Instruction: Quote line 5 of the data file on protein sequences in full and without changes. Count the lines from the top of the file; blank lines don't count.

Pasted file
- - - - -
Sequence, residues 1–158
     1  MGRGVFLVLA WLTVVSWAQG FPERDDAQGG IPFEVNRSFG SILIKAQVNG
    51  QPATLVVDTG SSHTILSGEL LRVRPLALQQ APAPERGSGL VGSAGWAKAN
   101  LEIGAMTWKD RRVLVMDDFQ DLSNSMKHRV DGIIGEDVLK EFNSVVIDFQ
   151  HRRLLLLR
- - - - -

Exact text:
   151  HRRLLLLR